New Proposed OSHA Rule: What It Is and How It Could Impact You

The Occupational Safety and Health Administration (OSHA) has recently proposed a new mandate relating to the reporting of employee illnesses or injuries. This new rule reestablishes and expands upon guidelines that were created during the Obama administration.

As with any other regulatory change, company leaders are responsible for understanding these new rules and how they impact their organizations. Here’s some of the information you need to know:

What Is the Proposed OSHA Rule?

The new rule adds to and amends requirements that businesses send reports of employee injuries or illnesses to OSHA electronically. It impacts companies that have 100 or more employees and are in specific industries.

The proposed change is that once annually, these companies will have to electronically submit information from the following OSHA forms:

  • 300: log of work-related illnesses or injuries
  • 301: individual illness or injury report
  • 300A: summary of work-related illnesses or injuries

OSHA intends to make this information publicly available by publishing a searchable online database.

What Is Changing?

Currently, OSHA reporting regulations affect companies with ten or more employees, except for those in certain industries that are defined as “low hazard.” These companies must maintain records of each illness or injury that is a work-related new case and meets the criteria for reporting established for form 300.

Reportable incidents include any that involve:

  • Loss of consciousness
  • Death
  • Time off work
  • Need to transfer to another role
  • Restricted duties
  • Chronic illnesses
  • Fractures
  • Ruptured eardrums
  • Broken teeth

Any injury or illness that cannot be treated with on-site first aid must be reported.

Currently, these forms must be submitted for companies that have 250 or more employees or that have fewer employees but are in certain industries.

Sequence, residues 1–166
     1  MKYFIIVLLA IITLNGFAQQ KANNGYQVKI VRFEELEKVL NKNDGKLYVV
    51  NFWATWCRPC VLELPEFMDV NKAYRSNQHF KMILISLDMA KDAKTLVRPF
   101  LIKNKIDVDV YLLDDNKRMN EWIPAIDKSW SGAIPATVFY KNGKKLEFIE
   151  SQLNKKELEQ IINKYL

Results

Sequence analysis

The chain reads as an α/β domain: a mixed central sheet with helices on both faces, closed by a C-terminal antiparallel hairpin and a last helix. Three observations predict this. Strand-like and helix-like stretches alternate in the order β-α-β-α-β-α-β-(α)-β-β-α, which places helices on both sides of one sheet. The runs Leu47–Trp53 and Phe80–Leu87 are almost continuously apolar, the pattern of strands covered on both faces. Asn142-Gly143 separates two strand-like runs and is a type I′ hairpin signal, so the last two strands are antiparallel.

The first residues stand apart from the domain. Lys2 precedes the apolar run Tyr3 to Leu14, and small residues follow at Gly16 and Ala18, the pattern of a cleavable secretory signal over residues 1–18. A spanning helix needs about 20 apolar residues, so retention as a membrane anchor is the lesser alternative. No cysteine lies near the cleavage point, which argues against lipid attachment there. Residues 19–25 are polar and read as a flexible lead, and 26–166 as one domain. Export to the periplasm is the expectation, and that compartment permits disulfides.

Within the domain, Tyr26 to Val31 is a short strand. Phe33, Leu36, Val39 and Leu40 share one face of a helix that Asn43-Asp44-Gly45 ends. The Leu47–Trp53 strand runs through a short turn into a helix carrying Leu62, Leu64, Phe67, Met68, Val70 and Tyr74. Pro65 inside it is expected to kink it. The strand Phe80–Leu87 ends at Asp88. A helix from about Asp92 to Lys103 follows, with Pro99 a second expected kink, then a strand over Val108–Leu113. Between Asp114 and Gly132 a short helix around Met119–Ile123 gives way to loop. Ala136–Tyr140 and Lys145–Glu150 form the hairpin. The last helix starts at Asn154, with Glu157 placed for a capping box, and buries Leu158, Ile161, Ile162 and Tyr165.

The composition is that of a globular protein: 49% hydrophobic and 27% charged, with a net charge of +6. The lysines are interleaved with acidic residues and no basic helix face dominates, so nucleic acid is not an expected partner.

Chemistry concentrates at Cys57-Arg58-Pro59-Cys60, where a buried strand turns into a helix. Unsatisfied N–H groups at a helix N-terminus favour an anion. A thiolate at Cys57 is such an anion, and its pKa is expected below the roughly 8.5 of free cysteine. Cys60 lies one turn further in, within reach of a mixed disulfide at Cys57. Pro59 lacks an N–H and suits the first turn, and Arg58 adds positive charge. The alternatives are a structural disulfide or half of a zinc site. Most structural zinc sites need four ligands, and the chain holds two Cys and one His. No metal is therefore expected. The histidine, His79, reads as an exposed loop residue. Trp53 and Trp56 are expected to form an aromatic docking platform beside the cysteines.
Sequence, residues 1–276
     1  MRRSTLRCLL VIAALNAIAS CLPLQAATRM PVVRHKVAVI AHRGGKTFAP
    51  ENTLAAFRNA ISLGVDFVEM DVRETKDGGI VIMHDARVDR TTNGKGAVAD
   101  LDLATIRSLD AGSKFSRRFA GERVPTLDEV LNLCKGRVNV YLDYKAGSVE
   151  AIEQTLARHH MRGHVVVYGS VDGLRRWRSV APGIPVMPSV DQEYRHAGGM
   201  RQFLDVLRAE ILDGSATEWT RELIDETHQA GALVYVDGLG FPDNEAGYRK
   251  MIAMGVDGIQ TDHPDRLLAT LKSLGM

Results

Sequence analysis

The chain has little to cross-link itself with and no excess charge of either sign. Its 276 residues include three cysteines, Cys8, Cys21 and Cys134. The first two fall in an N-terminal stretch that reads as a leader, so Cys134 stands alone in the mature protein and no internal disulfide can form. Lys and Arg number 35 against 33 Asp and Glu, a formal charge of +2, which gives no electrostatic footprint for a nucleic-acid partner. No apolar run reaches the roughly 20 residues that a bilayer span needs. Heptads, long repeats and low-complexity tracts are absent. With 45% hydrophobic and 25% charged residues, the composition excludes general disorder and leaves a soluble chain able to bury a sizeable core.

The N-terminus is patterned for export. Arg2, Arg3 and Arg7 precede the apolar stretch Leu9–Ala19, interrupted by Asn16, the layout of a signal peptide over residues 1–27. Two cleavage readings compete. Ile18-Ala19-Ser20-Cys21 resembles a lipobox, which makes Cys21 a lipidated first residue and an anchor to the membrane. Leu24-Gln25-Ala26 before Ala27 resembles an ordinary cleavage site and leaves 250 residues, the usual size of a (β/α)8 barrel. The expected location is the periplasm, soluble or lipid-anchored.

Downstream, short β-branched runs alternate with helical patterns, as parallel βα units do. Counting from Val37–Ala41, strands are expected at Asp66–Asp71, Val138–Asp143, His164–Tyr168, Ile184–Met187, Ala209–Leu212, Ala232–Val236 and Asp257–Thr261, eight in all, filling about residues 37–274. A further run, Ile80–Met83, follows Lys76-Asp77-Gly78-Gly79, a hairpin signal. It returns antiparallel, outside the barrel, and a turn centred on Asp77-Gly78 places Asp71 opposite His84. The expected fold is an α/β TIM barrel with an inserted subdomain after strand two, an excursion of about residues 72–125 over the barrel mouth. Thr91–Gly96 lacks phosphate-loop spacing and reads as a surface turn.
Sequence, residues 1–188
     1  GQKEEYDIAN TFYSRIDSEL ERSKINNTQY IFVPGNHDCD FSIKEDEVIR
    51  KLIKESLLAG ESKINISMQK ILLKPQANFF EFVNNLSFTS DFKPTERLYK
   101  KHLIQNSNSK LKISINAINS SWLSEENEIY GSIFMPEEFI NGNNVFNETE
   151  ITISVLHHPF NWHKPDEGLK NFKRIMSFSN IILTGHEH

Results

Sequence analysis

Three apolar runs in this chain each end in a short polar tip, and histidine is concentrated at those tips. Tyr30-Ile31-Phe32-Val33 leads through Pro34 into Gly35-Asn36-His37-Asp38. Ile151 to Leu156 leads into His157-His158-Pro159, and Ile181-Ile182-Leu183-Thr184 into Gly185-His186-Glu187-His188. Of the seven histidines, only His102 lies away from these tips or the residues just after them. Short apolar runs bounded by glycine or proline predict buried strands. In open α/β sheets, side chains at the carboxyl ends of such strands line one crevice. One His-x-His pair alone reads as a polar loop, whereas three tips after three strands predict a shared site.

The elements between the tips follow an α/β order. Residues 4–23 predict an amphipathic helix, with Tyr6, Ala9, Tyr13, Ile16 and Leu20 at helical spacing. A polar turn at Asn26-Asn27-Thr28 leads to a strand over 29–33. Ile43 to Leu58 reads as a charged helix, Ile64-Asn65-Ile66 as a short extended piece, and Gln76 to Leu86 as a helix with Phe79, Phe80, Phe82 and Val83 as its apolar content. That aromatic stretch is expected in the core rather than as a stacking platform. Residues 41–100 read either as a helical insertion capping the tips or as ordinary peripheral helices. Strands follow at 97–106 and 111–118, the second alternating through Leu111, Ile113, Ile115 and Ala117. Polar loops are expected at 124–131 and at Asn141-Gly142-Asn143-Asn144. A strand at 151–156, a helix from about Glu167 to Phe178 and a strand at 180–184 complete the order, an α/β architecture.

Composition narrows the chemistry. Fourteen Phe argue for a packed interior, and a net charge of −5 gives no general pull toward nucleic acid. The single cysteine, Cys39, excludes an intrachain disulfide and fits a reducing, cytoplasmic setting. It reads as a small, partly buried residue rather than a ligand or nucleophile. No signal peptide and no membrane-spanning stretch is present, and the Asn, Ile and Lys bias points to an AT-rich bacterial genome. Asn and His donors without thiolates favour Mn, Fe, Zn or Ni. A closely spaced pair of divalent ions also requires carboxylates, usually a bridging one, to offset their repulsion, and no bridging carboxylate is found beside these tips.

However, these rules were challenged and rolled back during the last administration. The arguments made were that these requirements exceeded the authority of OSHA and put organizations at risk of having to provide information that included trade secrets or was otherwise confidential.

New Changes

If the new rule takes effect, the reporting requirements will be reestablished. However, the following changes will be implemented:

First, the requirement for reporting for companies with more than 250 employees is removed if those businesses aren’t in specific industries. This requirement would be replaced with a rule impacting businesses with more than 100 employees in certain industries.

One industry will be added to the list of designated industries, and 13 others will be removed. Companies with 20 or fewer employees will be virtually unaffected. And the system used to classify industries will be updated.

The Purpose of Proposed OSHA Changes

OSHA has several key goals that are driving these regulatory changes:

  • Giving employers the ability to compare illness and injuries numbers
  • Providing job seekers with access to injury risk data
  • Empowering OSHA to better identify and assist at-risk workplaces
  • Improving the ability of the agency to enforce workplace safety
  • Motivating employers to recognize and mitigate hazards

The information that is made available to the public will not contain personally identifiable information (PII) but will include basic identifying information about the company.

How Your Business Should Respond

In addition to complying with these new rules, employers should be aware of how OSHA objectives could impact them. For example, OSHA may mine this data and use the information to increase monitoring and enforcement efforts where specific hazards appear to be leading to increased illnesses or injuries.

Additionally, employers should understand that the information they provide in form 301 may be made accessible to unions, competitors, and personal injury attorneys. They will want to be very careful that they fill out these forms accurately with the understanding that they are going to be subjected to intense scrutiny.

Finally, NAICS codes will likely be used to determine whether a particular employer will be impacted by these new reporting requirements.

Businesses should ensure that they are selecting the proper code. OSHA may use these codes when analyzing the data they receive and when identifying businesses to target for additional enforcement.

Get Help with OSHA Compliance from AssetHR

These new regulations involve some very complicated topics, including workplace safety and legal compliance. Fortunately, you don’t have to navigate them without help.

AssetHR has solutions and resources to help your organization with injury and illness tracking and any other rule change OSHA may announce. Connect with Chris Kelly to learn more.